3A Party to terminate: Where paragraph 2 of this Clause applies, but where the parties have been unable to agree alternative contractual terms as provided in that paragraph, the party invoking this Clause is entitled to terminate the contract, but cannot request adaptation by the judge or arbitrator without the agreement of the other party.
3B Judge adapt or terminate: Where paragraph 2 of this Clause applies, but where the parties have been unable to agree alternative contractual terms as provided for in that paragraph, either party is entitled to request the judge or arbitrator to adapt the contract with a view to restoring its equilibrium, or to terminate the contract, as appropriate.
3C Judge to terminate: Where paragraph 2 of this Clause applies, but where the parties have been unable to agree alternative contractual terms as provided in that paragraph, either party is entitled to request the judge or arbitrator to declare the termination of the contract».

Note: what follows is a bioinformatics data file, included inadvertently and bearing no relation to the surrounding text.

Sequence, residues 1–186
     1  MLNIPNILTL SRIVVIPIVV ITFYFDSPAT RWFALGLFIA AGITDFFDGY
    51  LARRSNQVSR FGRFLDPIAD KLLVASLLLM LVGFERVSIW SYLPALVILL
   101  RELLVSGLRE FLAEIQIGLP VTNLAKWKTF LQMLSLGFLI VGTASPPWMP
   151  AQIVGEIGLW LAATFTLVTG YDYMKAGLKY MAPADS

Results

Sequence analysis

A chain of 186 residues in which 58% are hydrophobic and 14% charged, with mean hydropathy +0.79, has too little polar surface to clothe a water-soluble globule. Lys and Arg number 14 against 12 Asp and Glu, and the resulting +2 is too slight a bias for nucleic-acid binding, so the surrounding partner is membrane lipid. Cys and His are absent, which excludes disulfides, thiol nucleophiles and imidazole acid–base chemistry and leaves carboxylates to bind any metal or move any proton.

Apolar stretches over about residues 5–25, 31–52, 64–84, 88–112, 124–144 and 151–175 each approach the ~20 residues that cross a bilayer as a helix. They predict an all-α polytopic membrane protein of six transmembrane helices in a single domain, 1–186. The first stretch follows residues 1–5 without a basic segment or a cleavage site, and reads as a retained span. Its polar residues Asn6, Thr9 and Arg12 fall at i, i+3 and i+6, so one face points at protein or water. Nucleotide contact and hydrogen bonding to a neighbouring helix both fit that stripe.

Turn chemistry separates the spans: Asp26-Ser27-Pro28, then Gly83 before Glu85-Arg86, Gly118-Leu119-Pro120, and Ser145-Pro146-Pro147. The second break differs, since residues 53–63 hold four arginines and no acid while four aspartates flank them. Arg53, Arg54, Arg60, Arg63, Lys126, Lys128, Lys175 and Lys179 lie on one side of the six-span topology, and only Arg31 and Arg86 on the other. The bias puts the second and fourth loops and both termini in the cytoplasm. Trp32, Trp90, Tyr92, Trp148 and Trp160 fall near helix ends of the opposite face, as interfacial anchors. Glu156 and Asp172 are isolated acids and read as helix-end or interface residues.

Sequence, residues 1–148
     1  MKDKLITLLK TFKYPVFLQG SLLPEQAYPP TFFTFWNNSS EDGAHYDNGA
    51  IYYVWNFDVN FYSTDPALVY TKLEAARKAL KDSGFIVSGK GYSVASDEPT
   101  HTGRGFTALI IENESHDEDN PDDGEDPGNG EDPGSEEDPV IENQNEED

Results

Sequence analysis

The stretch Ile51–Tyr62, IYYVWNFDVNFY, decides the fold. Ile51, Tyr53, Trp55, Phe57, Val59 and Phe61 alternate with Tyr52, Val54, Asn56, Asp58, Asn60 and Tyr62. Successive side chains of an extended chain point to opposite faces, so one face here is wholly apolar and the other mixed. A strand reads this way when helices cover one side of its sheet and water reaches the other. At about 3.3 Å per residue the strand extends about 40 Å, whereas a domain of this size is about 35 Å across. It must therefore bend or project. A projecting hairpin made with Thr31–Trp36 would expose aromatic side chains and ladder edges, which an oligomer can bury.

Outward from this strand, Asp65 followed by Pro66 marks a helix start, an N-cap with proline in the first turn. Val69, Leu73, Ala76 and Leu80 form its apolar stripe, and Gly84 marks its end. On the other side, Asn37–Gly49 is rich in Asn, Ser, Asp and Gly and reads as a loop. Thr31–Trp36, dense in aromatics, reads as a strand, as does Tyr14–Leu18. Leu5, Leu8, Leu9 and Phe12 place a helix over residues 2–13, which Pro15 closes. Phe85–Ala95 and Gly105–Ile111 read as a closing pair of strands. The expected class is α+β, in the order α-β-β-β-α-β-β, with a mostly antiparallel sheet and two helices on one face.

In conclusione, nonostante i rimedi previsti dal nostro ordinamento agli artt. 1463 e ss. c.c., si osserva che tali clausole rappresentano degli utili modelli di regolamentazione delle sopravvenienze da cui trarre spunto per l’elaborazione di previsioni ad hoc da inserire anche nei negozi privi di elementi di internazionalità, al fine di aiutare le parti non solo a redigere testi contrattuali più rispondenti alle necessità delle parti nel caso concreto, ma specialmente per evitare l’insorgenza di futuro contenzioso.